Although he was 81, Bill Kleine (pictured) wasn't on that hurry-up list. Bill was always full of life, right up til the end when a blood clot after knee surgery took his life. He died June 25, 2010. If it's possible that an 81-year-old was taken too soon, it certainly applies to Bill.
At his funeral at St. Ann's last week, his daughters tearfully described their daddy as their hero. The pictures that were painted of Bill in his memorial Mass made him an even larger figure. He didn't attend Notre Dame University, but he got up every year at the St. Ann's Mardi Gras and sang the school's fight song with gusto with his close friend Joe O'Neill, and it always made for one of the high points of the annual fundraiser for the Catholic school, and a tradition that may not be repeated in his absence.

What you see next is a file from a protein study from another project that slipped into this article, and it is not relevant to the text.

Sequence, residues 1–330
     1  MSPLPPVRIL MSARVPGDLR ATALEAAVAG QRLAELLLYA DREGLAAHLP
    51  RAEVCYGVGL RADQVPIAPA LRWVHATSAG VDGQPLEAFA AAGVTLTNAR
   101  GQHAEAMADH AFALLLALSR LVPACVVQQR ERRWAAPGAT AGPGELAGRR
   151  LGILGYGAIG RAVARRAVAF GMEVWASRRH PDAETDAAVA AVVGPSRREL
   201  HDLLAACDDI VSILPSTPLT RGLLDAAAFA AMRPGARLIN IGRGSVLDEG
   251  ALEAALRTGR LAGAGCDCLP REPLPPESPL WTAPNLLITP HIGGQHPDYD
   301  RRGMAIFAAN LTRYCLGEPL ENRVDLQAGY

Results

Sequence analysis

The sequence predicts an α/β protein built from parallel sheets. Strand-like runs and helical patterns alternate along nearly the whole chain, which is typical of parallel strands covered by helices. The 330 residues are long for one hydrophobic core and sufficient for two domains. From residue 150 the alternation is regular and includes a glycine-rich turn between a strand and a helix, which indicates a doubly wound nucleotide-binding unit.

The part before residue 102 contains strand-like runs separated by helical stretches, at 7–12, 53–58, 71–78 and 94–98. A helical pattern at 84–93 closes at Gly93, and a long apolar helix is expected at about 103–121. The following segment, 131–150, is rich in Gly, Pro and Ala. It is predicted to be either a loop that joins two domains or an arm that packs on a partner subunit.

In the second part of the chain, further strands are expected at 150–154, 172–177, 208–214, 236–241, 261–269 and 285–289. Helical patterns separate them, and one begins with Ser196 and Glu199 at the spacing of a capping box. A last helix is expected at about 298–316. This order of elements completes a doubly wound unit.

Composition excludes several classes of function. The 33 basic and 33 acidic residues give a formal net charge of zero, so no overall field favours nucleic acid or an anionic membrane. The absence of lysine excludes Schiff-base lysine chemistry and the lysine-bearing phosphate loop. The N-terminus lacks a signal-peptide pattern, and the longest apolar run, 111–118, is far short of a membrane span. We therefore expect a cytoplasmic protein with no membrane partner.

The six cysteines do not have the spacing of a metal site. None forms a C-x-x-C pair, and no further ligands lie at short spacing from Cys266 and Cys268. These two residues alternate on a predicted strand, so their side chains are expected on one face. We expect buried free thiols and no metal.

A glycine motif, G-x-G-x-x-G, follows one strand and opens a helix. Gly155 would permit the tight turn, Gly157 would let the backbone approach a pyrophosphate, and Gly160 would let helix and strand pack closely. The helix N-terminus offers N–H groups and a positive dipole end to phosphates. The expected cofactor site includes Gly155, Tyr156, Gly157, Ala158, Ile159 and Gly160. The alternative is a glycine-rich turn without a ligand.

Bill Kleine was deeply ingrained in both his community and his church, so much so that I was able to visit with him on May 19, about both the history of Midland, and for a book I am working on about the history of the Roman Catholic Diocese of San Angelo. He was sought out as a community leader because of his generosity, his gentle nature, his heart and his undying spirit. He was a wonderful man. He simply made the room a better place to be whenever he walked in.
Before he passed, we talked at length about MIdland. Here are a couple of this thoughts.
"When I moved to Midland (in the 1950s) it was a young person's town. And it was a wonderful place to be. The optimism was everywhere; there were so many things happening, a lot of parties. ... "I wouldn't trade my life in Midland in the oil business for anything."
Bill Kleine made Midland a richer, better place to live for 60 years. This town already misses him dearly.
Jimmy Patterson's book, "A History of Character: The Story of Midland, Texas" is currently in the research phase. It will be published in the Winter of 2011-2012.